RICHMOND -- Gun control policy could play a significant role in the 73rd House District race, especially with the Republican contender breaking away from the party’s usual stance on gun control.
Republican Mary Margaret Kastelberg is calling for stricter gun control policies but says her positions are consistent with gun owner’s Second Amendment rights.
“I know [gun violence] is complex and that we cannot prevent every tragedy, but we must take action and try,” Kastelberg said in a press release.
Her opponent, Democrat Rodney Willett, also wants better gun control policy. Kastelberg and Willett are vying to fill the seat currently occupied by Democrat Debra Rodman, who’s running for the state Senate.
Kastelberg is calling for background checks at gun shows, but stops short of Willett’s call for universal background checks.
They both want limits on high-capacity magazines and support “red flag” laws that allow law enforcement to temporarily remove guns from anyone deemed a threat to themselves or another person.
Kastelberg summed up her policy as giving law enforcement the tools they need to prevent tragedies and “protect due process rights of gun owners.”
Willett believes the district’s voters are concerned with a failure of state and federal legislatures to create “better gun control laws.”
“People who identify as conservative Republicans, they are telling me to my face that they are absolutely concerned that their party, that all parties, have not gotten things done in the gun safety area,” Willett said.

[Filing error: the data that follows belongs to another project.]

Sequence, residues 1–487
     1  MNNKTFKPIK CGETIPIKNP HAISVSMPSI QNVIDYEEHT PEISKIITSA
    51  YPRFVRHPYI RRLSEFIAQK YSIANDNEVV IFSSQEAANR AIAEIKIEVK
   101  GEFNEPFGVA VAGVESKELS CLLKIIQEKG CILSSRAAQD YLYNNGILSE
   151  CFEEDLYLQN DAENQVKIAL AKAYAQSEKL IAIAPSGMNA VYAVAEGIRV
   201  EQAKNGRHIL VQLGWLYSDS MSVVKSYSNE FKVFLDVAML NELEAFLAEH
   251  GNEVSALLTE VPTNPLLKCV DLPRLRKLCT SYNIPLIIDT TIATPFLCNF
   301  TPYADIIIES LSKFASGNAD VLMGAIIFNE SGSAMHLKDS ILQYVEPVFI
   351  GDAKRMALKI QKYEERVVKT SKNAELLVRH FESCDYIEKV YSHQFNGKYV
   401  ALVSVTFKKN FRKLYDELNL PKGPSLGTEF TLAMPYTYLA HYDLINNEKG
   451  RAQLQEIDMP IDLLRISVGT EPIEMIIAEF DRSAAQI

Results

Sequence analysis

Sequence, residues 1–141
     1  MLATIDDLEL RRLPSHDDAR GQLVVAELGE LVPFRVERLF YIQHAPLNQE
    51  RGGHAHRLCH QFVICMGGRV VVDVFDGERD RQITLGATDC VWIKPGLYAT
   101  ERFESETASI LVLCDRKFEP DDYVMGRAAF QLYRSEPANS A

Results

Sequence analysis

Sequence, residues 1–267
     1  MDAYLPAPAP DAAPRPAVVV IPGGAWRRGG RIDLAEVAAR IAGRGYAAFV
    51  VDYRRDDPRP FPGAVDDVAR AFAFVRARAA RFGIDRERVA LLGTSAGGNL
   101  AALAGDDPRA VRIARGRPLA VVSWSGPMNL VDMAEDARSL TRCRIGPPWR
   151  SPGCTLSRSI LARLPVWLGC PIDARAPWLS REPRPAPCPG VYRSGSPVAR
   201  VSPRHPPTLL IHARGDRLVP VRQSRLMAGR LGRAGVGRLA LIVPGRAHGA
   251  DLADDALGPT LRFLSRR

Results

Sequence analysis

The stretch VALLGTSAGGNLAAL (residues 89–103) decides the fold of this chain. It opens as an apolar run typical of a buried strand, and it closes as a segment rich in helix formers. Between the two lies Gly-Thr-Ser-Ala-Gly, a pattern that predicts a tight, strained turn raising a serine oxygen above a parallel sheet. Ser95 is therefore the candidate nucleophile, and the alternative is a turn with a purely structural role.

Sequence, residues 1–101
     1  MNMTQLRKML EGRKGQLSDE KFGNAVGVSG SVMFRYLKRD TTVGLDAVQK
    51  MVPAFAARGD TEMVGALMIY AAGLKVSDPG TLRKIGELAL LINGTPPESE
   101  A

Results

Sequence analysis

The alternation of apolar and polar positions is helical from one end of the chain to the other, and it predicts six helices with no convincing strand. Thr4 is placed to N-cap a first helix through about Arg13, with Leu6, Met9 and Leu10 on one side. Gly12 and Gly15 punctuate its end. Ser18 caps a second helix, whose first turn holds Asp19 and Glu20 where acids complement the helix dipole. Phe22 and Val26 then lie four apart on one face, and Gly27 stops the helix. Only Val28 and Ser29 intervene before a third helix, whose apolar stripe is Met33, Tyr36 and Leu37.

Rodman turned the 73rd District blue in 2017, in a tight race - 51.48% to 48.35% - against incumbent John O’Bannon. The district is a highly educated, suburban district where Republicans have been losing votes from women, according to political analyst Dr. Bob Holsworth. This dynamic makes a topic like gun control, which is usually touted by Democratic candidates, pivotal in turning the district.
“What’s fascinating about [Kastelberg] is that she has taken positions that’s almost 180 degrees different than the position that most Republicans have taken previously in Virginia,” Holsworth said.
Though her policy might be different than fellow Republicans, Kastelberg has taken a lot of money from them. In July, the Republican-controlled General Assembly adjourned a special session on gun control without a single bill being considered, saying the session was only intended as “political theater.”
Kastelberg’s coffers rose to over $283,000 through mostly political sector contributions, including $112,500 from Republican State Leadership Committee and a combined $104,050 from other Republican political action committees. Top donors to Willett’s war chest include the political sector and single-issue groups, for a combined 32% of his total donations.
Willett’s top donor is Michael D. Bills, a heavyweight investor in Virginia political races who floated over half a million dollars into Gov. Ralph Northam’s campaign. Bills offered support to candidates who pledge not to take campaign money from Richmond-based Dominion Energy.
This year, 66 people died and 101 victims were injured in mass shootings in the U.S., according to a database that defines mass shootings as a single attack in a public place in which three or more victims were killed. According to ABC News, there have been a total of 19 mass shootings in the U.S so far this year. That includes a shooting in Virginia Beach where a gunman opened fire at a municipal building and killed a dozen people.
Everytown for Gun Safety, a lobby group focused on reducing gun violence, has injected $333,500 into Democratic coffers this election year, according to data from Virginia Public Access Project. National Rifle Association contributions to Republican candidates and leadership total $218,500.
Capital News Service is a program of Virginia Commonwealth University’s Robertson School of Media and Culture. Students in the program provide state government coverage for a variety of media outlets in Virginia.